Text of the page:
Step 2: With all of our separate clips now featuring awesome cue cards, our next step is to add in some nice separators in the audio in the form of a chime or other sound effect to signal the end of one clip and the start of the next. This isn't a mandatory step, but it will definitely help to clarify each audio clip you have, especially if you have some that are fairly similar to each other running back to back.

You'll want to make sure that you use something discrete and subtle for your separator. You don't want to end each clip with a loud obnoxious sound or audio clip that will pull the viewer away from what's important: your dialogue. A small chime, ding, or beep is perfect.

Here are a few good examples that you can use as separators:
Good Clip 1
Good Clip 2
Good Clip 3

And here is an example of what to avoid like the plague:
Bad Clip

Once you have your separators, you'll want to make sure that their volume is equalized to match all of your audio clips. To do that, go check out Beau's awesome post on equalizing audio clips:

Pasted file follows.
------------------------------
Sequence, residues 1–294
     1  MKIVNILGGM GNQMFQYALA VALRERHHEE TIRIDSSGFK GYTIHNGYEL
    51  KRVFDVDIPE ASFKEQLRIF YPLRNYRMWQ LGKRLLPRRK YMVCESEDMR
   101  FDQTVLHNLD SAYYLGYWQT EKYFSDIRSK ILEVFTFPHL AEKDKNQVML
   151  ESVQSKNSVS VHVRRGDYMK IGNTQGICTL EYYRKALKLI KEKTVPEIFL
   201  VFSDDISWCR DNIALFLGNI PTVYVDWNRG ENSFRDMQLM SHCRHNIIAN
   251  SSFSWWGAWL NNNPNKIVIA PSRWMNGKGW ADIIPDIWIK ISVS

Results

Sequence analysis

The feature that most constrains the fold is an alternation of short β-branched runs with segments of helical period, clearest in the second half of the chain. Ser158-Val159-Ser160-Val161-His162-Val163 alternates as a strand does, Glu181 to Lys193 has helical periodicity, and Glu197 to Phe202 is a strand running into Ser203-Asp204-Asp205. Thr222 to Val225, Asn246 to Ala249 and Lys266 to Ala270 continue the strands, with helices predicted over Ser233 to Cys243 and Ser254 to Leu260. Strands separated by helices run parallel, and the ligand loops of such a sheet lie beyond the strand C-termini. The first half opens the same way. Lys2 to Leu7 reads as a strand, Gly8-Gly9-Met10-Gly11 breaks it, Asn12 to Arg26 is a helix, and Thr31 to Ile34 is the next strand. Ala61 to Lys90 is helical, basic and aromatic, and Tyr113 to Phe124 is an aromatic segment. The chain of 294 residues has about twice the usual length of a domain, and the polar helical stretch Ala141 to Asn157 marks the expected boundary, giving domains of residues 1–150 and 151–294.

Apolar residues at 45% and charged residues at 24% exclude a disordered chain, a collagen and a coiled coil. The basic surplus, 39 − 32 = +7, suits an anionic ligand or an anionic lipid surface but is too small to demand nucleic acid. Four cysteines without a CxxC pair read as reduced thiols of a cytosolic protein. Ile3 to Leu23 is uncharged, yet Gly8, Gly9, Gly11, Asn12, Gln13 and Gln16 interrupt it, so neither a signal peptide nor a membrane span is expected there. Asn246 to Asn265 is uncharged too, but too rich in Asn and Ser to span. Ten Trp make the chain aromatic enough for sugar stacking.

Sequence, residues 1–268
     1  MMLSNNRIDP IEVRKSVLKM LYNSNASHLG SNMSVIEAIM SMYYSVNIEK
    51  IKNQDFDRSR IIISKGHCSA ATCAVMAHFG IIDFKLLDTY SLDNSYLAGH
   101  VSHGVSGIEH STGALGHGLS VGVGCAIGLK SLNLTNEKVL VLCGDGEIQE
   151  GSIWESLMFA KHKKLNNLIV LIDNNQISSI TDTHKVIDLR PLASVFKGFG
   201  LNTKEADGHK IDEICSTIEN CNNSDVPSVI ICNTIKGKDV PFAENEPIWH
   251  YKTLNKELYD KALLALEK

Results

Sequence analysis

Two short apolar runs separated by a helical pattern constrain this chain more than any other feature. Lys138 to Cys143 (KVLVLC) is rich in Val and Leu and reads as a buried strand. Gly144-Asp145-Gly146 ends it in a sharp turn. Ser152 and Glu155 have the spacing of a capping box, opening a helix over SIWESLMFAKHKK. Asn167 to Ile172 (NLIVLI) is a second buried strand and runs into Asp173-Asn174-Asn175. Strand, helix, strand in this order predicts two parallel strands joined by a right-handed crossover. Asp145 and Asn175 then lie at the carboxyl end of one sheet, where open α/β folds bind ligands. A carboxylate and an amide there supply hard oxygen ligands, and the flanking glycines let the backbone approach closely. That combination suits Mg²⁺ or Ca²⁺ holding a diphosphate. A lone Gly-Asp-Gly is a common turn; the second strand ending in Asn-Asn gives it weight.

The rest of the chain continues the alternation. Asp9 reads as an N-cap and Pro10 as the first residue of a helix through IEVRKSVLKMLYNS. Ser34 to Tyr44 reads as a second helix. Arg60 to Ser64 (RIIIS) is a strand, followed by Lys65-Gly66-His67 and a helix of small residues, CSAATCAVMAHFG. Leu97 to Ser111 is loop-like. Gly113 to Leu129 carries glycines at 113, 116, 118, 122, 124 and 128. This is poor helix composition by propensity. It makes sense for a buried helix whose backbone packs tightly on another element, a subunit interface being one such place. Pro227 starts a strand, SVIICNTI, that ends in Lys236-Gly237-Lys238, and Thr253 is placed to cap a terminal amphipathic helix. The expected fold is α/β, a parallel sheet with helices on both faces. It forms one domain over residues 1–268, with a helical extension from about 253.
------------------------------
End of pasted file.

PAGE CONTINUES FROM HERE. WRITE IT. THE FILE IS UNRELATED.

Class 4 - Week 6 - Editing Audio

Now that everything is ready to be put together, simply open the sound clip into Quicktime and copy/paste it at the end of each of your dialogue clips.

Step 3: For the final step, compile all of your shots together and export them for upload! This step is very simple. Create a new blank Quicktime player, select your clips in the order you want to have them played, hit CTRL+A to select the entire timeframe of the clips, then select the new player and hit CTRL+V to paste it in. Just make sure that your timeslider in the new player is always at the end so that when you paste your clips in they fit up nicely.

Once all your clips are copied and pasted into the new player, it's just a matter of going into Export and following the AM Standardization Procedure to get your completed audio clip reel ready for upload!

Thank you for taking the time to read my post. I hope it's been helpful, and if you have any questions or suggestions, you're always more than welcome to leave a comment or send us a message on AM.